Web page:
A plasma is a collection of dilute, fast moving charged particles. It is believed that more than 95% of the matter in the universe is in the form of a plasma (the fourth state). The main motivation of this research is to promote design of nuclear fusion devices (such as a tokamak), in which a confined plasma is accelerated at high speed to produce high energy. This project focuses on basic mathematical research related to the study of a plasma in a tokamak. Research topics include study of plasma-wall interaction, dynamic stability of plasma configurations, as well as shock waves in plasma. All of such topics are fundamental theoretically in the plasma control for a nuclear fusion device with potential applications.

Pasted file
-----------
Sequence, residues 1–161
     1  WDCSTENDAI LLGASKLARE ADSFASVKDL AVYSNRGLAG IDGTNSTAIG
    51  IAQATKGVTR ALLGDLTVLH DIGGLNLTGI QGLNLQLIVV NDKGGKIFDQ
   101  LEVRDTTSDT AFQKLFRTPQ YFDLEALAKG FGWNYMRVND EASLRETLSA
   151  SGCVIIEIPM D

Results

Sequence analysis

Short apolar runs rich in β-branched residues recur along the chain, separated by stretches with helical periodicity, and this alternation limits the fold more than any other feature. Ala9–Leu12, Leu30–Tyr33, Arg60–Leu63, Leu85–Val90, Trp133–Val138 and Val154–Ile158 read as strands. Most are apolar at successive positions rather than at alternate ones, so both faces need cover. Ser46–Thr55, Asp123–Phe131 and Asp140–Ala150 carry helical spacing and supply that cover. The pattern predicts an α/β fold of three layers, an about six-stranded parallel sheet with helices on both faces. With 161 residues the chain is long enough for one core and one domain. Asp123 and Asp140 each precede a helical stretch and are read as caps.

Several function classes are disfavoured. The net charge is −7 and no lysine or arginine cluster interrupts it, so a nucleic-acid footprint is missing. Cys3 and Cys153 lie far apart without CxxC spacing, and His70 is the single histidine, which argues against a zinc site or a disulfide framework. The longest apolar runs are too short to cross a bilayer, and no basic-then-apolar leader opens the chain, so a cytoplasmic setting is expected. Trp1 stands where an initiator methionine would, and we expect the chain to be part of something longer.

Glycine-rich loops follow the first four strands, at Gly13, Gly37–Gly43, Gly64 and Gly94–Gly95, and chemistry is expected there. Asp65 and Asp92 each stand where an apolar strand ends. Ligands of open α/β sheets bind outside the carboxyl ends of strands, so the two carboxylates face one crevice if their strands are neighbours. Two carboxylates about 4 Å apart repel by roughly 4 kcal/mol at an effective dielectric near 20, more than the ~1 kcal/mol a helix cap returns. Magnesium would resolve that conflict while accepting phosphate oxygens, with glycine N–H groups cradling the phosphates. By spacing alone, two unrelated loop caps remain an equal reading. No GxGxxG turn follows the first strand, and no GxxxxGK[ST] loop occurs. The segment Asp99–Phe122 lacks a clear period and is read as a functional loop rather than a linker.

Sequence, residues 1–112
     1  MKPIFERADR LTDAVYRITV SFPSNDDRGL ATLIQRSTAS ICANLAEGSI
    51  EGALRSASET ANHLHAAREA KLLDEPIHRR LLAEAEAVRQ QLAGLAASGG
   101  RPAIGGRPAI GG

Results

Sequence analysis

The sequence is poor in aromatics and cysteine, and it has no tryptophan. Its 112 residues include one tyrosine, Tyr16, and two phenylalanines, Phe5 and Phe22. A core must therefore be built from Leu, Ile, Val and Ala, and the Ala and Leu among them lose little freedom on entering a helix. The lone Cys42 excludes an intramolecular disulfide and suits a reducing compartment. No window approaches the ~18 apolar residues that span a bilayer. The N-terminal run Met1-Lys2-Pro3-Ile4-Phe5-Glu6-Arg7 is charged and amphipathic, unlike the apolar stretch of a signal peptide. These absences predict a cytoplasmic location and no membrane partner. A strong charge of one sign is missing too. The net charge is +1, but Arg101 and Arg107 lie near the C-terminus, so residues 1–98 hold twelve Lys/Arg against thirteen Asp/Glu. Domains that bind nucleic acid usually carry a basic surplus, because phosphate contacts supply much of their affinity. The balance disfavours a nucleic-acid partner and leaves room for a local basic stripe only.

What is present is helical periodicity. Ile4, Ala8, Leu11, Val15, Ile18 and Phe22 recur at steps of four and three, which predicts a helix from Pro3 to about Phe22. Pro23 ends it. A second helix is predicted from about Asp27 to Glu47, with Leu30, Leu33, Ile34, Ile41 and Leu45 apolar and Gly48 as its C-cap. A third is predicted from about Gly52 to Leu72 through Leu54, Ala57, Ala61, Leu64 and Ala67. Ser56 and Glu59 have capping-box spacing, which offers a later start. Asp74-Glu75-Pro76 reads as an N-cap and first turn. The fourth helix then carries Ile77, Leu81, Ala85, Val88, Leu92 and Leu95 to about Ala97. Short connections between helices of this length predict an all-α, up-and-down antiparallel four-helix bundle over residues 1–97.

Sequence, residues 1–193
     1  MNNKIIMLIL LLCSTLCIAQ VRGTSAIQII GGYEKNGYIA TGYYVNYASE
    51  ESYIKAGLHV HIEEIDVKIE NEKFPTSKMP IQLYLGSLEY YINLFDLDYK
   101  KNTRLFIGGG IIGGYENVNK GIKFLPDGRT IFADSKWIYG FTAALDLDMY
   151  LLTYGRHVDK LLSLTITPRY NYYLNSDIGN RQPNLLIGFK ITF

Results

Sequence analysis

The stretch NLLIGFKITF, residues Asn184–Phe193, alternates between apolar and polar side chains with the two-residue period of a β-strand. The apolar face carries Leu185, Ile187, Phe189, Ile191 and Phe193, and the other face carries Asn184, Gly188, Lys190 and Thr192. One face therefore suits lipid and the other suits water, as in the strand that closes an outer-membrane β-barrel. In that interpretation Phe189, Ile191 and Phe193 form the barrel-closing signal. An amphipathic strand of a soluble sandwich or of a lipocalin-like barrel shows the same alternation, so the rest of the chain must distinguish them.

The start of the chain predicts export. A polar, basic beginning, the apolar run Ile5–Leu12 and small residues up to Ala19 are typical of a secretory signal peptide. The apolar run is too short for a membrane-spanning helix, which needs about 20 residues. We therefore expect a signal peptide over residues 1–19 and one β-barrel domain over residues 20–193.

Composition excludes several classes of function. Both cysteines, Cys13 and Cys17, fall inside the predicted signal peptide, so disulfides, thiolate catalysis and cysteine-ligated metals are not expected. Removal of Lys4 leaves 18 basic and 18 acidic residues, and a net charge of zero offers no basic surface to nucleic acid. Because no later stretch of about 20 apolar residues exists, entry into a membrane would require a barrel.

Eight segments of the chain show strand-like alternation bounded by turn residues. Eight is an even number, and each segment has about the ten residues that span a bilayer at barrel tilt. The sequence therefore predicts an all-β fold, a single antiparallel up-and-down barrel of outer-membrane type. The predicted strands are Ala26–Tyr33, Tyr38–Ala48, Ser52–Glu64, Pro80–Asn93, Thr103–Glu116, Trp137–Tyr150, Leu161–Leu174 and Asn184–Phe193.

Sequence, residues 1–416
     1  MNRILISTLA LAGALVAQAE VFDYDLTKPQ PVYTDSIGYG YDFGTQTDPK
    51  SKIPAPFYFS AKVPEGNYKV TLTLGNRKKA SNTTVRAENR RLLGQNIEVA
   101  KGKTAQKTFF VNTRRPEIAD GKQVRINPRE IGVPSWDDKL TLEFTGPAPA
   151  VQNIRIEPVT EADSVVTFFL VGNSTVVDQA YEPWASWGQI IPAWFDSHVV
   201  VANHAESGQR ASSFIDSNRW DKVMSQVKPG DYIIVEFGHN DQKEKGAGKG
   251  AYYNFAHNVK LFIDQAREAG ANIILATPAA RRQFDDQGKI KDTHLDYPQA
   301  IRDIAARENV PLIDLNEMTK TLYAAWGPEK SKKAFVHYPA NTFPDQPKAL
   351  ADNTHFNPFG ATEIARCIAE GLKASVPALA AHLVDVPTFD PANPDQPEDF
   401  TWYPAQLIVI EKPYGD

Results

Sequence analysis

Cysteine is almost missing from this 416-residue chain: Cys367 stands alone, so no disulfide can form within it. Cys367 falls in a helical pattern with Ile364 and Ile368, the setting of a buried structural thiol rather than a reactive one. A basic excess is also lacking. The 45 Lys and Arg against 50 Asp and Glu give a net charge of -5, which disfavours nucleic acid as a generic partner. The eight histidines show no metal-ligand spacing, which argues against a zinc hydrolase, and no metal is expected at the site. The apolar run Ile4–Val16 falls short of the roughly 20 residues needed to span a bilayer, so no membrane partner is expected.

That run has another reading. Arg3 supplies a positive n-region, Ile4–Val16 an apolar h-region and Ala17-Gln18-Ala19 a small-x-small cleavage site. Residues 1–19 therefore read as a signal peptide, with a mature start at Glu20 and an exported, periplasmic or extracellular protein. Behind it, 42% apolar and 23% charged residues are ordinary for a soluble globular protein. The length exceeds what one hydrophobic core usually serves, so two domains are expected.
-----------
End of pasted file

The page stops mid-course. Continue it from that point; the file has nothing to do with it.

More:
More specifically, the project is aimed at establishing regularity, and the validity of boundary layer expansion with geometric corrections for the Boltzmann theory in a convex domain. The key methodology is based on the principal investigator's previous work on regularity of similar boundary layer expansions for the neutron transport equations. Another direction to be pursued is well-posedness for the Vlasov-Landau equations in a bounded domain. This system of equations is fundamental in modeling a collisional plasma, and the boundary value problem models the plasma-wall interaction. Among other problems to be investigated are: The Landau damping and long-time stability for the BGK waves in a Vlasov-Poisson system; the long-time behavior of Euler-Maxwell system in the presence of a non-zero vorticity that describes the fundamental two-fluid models in a plasma; the dynamics of moving contact lines in fluids.
This award reflects NSF's statutory mission and has been deemed worthy of support through evaluation using the Foundation's intellectual merit and broader impacts review criteria.